BY: Follow @lachlan
Leaked emails in which a left-wing nonprofit promotes events by the President Obama-aligned Organizing for Action and circulates Democratic Party talking points on the government shutdown may be a possible violation of rules governing tax-exempt status for such organizations, experts say.
A staffer at the Center for American Progress blasted out an email the night before the partial federal government shutdown that promoted events by an arm of the Democratic Party’s Senate leadership as well as Organizing for Action (OFA), the activist iteration of President Barack Obama’s reelection campaign.
Matt Klapper, the policy director for Newark Democratic mayor Cory Booker’s U.S. Senate campaign, was among the recipients of the message.
Emma Shapiro, who sent the email, is the state communications organizer for the war room at ThinkProgress, the blog run by CAP’s 501(c)(4) Action Fund.
However, Shapiro is also listed as an employee in the communications department of CAP proper, which is a nonprofit classified under section 501(c)(3) of the tax code. She has two email addresses, one using CAP’s “americanprogress.org” domain and another using the Action Fund’s “americanprogressaction.org.” She did not return multiple requests for comment.
Shapiro’s Sept. 30 email to Klapper used the CAP Action Fund email address, though her signature designated her an employee of CAP proper. It promoted research by the Democratic Policy and Communications Committee, the research arm of the Senate Democrats.
Campaign finance attorney Jason Torchinsky said the leaked email could be a problem for CAP.
“It seems to me that there may be an issue with CAP/CAPAF here using a (c)(4) email address to send information to a Senate campaign staff person two weeks before an election using her (c)(3) signature,” Torchinsky said in an email.
Shapiro’s signature also lists an email address that uses the domain of the group’s 501(c)(3) arm.
That is not mere semantics, Torchinsky said. It raises significant legal questions.
Groups organized under section 501(c)(3) of the Internal Revenue Code “are under an absolute prohibition from intervening in political campaigns and this email leads one to ask what else has been circulated or sent to the [Booker for] Senate campaign by the CAP (c)(3),” he said.
A CAP spokesman did not return requests for comment clarifying the nature of Shapiro’s employment.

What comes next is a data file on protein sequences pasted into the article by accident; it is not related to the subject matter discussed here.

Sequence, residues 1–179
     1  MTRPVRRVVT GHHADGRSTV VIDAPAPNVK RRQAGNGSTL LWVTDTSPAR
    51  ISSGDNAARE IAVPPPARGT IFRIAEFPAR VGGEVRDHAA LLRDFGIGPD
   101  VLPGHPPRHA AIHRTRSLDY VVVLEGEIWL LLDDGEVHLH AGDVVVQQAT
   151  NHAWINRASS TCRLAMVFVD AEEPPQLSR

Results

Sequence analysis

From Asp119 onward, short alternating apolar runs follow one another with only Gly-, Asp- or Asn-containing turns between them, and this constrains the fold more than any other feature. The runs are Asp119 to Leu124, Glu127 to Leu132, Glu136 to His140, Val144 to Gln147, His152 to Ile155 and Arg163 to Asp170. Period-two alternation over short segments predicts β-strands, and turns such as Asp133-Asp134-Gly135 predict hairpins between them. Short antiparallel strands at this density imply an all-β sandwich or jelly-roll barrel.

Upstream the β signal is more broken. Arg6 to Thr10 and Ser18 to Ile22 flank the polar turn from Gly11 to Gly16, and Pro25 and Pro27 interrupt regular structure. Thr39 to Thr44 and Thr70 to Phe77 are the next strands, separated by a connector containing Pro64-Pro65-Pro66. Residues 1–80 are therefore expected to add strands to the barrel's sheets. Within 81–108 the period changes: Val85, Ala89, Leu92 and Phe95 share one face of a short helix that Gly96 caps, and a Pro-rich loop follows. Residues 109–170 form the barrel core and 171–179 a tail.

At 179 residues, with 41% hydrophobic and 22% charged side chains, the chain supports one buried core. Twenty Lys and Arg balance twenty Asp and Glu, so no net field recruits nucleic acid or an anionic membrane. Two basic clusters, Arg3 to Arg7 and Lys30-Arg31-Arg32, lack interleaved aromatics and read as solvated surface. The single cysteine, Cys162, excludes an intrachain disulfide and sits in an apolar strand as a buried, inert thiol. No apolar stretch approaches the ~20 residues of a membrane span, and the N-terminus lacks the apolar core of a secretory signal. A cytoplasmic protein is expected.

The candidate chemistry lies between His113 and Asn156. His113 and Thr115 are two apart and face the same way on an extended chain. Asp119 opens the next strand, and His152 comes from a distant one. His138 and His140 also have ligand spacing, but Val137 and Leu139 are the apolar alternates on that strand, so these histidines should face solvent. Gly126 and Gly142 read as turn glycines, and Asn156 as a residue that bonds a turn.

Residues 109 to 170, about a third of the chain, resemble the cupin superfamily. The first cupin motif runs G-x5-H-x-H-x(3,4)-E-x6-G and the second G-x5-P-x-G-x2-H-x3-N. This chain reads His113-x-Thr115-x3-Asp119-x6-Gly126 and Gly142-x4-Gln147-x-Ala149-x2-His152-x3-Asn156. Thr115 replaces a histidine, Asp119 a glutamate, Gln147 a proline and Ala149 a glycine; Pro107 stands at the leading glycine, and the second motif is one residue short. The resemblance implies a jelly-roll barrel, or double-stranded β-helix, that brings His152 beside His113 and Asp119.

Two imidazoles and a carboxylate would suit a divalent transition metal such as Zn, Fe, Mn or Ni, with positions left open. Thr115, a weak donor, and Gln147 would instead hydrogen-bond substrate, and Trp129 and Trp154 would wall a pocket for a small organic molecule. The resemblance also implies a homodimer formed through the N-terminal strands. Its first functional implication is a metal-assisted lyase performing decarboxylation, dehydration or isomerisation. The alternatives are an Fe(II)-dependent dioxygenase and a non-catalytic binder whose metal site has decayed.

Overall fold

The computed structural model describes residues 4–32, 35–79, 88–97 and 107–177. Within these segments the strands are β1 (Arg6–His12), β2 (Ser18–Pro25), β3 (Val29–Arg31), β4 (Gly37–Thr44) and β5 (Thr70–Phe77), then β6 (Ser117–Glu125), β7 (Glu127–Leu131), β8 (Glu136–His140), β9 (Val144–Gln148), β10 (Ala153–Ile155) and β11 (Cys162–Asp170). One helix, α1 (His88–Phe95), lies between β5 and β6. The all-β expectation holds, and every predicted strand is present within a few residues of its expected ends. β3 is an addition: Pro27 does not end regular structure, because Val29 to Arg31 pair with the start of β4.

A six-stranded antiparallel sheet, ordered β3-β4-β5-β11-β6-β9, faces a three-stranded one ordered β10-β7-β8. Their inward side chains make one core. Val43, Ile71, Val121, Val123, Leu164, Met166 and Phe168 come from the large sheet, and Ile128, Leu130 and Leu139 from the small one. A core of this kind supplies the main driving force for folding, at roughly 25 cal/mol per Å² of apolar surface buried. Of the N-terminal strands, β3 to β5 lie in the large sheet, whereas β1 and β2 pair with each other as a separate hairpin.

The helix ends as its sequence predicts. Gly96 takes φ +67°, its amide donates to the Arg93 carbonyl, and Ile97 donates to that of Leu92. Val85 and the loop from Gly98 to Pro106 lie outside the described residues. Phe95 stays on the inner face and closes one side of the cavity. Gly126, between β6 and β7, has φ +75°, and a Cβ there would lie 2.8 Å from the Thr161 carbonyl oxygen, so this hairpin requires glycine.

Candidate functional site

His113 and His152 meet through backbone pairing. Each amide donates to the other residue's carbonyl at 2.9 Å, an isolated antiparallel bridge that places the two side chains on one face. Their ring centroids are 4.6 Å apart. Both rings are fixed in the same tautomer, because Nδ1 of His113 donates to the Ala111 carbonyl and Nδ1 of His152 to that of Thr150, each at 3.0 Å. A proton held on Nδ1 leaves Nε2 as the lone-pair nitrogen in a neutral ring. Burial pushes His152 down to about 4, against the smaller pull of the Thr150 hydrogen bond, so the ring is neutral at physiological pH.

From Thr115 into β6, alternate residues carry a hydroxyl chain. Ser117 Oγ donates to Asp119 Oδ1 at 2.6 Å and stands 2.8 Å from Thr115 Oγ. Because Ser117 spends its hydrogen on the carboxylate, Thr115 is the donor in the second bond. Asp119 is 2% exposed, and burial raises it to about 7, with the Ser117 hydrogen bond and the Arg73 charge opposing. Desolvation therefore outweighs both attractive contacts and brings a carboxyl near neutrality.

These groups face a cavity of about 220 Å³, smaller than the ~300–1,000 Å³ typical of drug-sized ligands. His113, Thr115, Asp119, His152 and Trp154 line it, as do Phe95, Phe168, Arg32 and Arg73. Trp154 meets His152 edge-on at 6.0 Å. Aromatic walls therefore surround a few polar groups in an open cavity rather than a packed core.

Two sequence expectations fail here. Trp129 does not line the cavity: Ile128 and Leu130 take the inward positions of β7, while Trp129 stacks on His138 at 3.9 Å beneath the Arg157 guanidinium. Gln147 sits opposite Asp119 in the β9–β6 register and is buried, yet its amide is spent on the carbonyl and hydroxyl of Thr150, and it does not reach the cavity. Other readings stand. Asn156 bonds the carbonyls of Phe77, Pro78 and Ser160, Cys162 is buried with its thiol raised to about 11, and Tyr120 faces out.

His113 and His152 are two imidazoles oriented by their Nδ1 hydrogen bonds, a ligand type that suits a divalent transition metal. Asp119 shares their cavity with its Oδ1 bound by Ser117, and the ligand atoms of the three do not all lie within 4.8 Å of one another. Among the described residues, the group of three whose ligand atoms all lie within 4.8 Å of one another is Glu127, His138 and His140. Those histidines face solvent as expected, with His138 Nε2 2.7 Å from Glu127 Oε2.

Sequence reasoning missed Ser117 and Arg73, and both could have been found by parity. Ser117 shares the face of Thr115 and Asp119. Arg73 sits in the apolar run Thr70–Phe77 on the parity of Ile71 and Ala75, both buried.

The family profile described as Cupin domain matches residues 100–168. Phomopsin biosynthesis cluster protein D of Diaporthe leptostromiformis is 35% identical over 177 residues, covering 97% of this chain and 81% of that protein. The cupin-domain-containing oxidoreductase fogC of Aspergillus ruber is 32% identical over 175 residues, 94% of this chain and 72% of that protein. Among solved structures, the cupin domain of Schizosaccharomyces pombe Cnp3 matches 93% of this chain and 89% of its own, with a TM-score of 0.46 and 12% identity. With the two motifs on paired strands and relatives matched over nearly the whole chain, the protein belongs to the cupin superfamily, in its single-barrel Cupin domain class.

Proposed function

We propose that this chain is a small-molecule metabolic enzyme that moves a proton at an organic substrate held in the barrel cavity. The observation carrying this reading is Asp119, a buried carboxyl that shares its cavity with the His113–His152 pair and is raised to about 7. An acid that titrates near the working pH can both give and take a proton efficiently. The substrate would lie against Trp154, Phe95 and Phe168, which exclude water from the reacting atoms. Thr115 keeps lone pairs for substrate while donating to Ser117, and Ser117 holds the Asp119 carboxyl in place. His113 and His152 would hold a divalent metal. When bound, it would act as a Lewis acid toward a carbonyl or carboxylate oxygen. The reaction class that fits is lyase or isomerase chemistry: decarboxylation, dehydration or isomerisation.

Phil Kerpen, the president of American Commitment, a conservative group backing Republican Senate candidate Steve Lonegan, said Shapiro’s email is possible evidence of coordination between CAP and the Booker campaign.
“We shouldn’t be surprised that a campaign so incompetent that they conduct their policy discussions on an open Google Group also takes its marching orders directly from the most radical liberal special interest groups and apparently cuts corners on legal compliance,” Kerpen said in an email.
Shapiro’s email promoted 28 OFA events on the shutdown. The group, created in the wake of President Obama’s reelection to raise money by promising access to the president and promoting his legislative agenda, has also blamed congressional Republicans for the shutdown.
“Wanted to make sure everyone knew that DPCC has a state-by-state impacts of a shutdown,” Shapiro wrote. “If you don’t have or want the one for your state, let me know and I will send.”
The DPCC has promoted the Democratic line on Congress’s failure to pass a spending bill, calling it a “GOP shutdown.”
ThinkProgress has also laid the blame for the shutdown squarely on Republicans. “House Republicans are responsible for” the budget crisis, wrote one blogger over the weekend in a post that included the phrase “Republican shutdown” in its headline.
CAP’s (c)(3) arm has also blamed the GOP for the shutdown, pinning responsibility on “the House of Representatives and their Republican majority,” in the words of the group’s president, Neera Tanden.
Events by Fair Share, a left-wing activist group that has also targeted Republicans over the shutdown, were also promoted in Shapiro’s email.
One of the OFA events noted in Shapiro’s email took place at the Newark, N.J., Social Security office, according to the spreadsheet included in the email.
That is significant, according to Torchinsky, given that a high-ranking Booker staffer was apparently on Shapiro’s list of recipients.
The day after Shapiro sent her email, the Booker campaign began airing an ad tying Lonegan to the government shutdown.
The email was initially sent to Klapper’s Gmail address. He forwarded it to his Booker campaign email address, then forwarded that message to the rest of the policy team.
The email was revealed after the campaign unwittingly made nearly 400 internal email threads publicly available through an open Google group. The group is no longer publicly accessible.
Klapper did not return a request for comment.